Supplier of advanced semiconductor solutions, Renesas Electronics Corporation, has announced the development and successful operation verification of an automotive test chip as a technological stepping stone toward the realisation of next-generation automotive-control flash Microcontrollers (MCUs) employing a 28 nanometer (nm) low-power process.
The microcontroller (MCU) features four 600MHz CPUs with a lock-step mechanism and a large 16MB flash memory capacity, as well as:
Renesas presented the test results in the session, ‘A 28nm 600MHz Automotive Flash Microcontroller with Virtualisation-Assisted Processor for Next-Generation Automotive Architecture Complying with ISO26262 ASIL D’, on February 18th at International Solid-State Circuits Conference (ISSCC) 2019, February 17th to 21at, 2019, in San Francisco.
New electrical/electronic (E/E) architectures are driving demand for the integration of multiple electronic control units (ECUs) into single ECUs that support multiple functions. Achieving this level of integration requires higher performance, reduced power consumption, and large capacity flash memory.
Automotive MCUs are also challenged with the requirements of running software components with varying safety integrity levels simultaneously and without mutual interference. In addition to requiring software independence, automotive control demands real-time responsiveness. To meet these next-generation requirements, Renesas has developed new technologies led by virtualisation-assisted functions for automotive-control MCUs, as demonstrated in the new test chip.
Hardware-based virtualisation-assisted functions
Typically, software-based (hypervisor) virtualisation requires greater processing time due to the need to emulate hardware virtually. The increased processing time required by the hypervisor to change between CPU states (context switching) and deliver interrupts, poses problems for automotive-control MCUs that must maintain real-time responsiveness.
To address this issue, Renesas developed a hardware-based virtualisation-assisted functions that dramatically reduces the virtualisation overhead, thereby boosting responsiveness. It allows software components with varying safety integrity levels to operate independently, making it possible for the MCU to deliver both virtualisation and real-time performance as required by ASIL D.
Standby-resume built-in self-test (BIST) function
BIST functions are a requirement in achieving ASIL D safety integrity levels, to enable the MCU to perform self-diagnostics on the MCU while it is running. One way to avoid disturbing a CPU processing period would be to perform self-diagnostics in the period between when the MCU enters the standby state and when resume occurs. However, there is limitation regarding current fluctuations, so the increase in the current fluctuation rate caused by resume due to self-diagnostics is a concern.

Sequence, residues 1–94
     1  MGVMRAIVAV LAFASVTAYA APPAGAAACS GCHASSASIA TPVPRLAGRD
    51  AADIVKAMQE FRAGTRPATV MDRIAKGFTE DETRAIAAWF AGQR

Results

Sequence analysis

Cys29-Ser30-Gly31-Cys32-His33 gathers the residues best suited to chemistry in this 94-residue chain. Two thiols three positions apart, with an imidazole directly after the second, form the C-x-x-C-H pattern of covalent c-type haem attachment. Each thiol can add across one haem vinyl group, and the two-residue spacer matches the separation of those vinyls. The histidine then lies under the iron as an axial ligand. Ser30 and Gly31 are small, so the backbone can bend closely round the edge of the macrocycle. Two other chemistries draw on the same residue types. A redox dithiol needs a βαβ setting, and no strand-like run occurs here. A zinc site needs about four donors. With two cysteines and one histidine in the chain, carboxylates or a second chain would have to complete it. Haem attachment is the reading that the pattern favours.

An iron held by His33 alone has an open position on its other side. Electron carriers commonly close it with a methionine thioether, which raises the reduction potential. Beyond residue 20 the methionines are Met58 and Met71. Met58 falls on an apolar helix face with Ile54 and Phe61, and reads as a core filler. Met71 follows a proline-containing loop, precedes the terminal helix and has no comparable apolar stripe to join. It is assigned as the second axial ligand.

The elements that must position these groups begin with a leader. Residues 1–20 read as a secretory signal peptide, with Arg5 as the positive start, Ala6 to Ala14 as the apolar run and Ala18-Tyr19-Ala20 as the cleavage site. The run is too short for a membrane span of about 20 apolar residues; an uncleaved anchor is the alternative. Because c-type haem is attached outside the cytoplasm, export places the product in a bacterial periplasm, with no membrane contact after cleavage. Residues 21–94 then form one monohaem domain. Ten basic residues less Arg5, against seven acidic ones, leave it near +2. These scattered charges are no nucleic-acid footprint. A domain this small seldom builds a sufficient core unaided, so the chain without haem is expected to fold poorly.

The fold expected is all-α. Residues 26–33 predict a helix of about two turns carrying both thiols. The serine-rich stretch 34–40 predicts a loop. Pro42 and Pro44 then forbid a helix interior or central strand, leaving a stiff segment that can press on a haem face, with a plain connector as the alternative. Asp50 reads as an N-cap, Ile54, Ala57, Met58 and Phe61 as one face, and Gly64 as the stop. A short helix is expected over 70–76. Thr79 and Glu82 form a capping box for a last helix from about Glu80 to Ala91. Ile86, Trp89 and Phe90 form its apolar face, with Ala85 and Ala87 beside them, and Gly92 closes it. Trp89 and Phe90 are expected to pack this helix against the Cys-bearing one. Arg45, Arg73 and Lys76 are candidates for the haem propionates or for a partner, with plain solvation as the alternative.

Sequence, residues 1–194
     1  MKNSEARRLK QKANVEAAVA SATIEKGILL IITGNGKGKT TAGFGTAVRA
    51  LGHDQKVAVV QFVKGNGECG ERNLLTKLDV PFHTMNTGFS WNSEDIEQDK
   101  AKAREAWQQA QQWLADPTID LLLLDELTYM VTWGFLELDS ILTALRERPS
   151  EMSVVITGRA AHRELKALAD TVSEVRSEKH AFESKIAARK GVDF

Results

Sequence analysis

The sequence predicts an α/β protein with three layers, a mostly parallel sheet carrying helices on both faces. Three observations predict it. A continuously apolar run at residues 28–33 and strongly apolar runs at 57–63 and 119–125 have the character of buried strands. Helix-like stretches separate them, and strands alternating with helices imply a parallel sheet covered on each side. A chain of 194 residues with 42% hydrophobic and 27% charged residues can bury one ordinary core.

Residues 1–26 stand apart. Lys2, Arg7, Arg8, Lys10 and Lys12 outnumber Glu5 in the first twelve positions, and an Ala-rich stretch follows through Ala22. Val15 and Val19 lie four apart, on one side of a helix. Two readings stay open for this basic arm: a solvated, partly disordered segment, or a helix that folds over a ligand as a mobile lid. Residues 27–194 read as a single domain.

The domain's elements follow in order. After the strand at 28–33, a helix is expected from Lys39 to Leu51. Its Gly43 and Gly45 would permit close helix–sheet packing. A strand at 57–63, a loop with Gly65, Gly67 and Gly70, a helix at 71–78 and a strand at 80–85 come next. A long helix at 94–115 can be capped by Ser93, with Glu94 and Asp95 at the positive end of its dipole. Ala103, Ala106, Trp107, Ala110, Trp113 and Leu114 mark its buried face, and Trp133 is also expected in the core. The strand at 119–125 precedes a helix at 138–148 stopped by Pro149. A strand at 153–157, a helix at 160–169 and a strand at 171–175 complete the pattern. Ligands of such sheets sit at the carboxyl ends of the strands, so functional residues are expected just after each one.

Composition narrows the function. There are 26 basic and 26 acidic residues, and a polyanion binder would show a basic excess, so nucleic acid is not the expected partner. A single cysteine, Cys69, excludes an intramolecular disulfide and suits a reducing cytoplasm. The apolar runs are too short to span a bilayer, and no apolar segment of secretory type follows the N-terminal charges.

Renesas has developed standby-resume BIST (SR-BIST) to minimise the current fluctuation rate. SR-BIST runs before the CPU begins operating each time there is a transition from standby to resume. To ensure rapid startup, the on-chip oscillator supplies a clock for the fault diagnostics. An N/M divider is used to gradually increase the frequency of the clock, reducing the current fluctuation rate when SR-BIST is executing. As a result, it allows functional safety that meets the requirements of ASIL D.
SGMII-compliant Gigabit Ethernet interface with five volt support
The next-generation of autonomous driving cars and connected cars will employ large numbers of sensors and cameras, which will require Ethernet as a high-speed communication interface to handle the enormous amount of data generated by these devices. Nevertheless, automotive MCU interface circuits continue to rely on five volt transistors for reliability reasons tied to voltage surges.
Therefore, Renesas has developed a Gigabit Ethernet interface using five volt transistors that supports the Serial Gigabit Media Independent Interface (SGMII) standard and provides excellent electrical noise tolerance. To deal with deterioration of the signal bandwidth due to the use of five volt transistors, dedicated circuits were added for receiver and driver. This results in signal quality that complies with the SGMII standard.
Based on the technologies verified in the test chip, Renesas plans to aggressively develop new 28nm flash MCUs and continue its commitment to enabling a new generation of eco-friendly and autonomous driving cars and helping to realise a safer and more secure driving experience.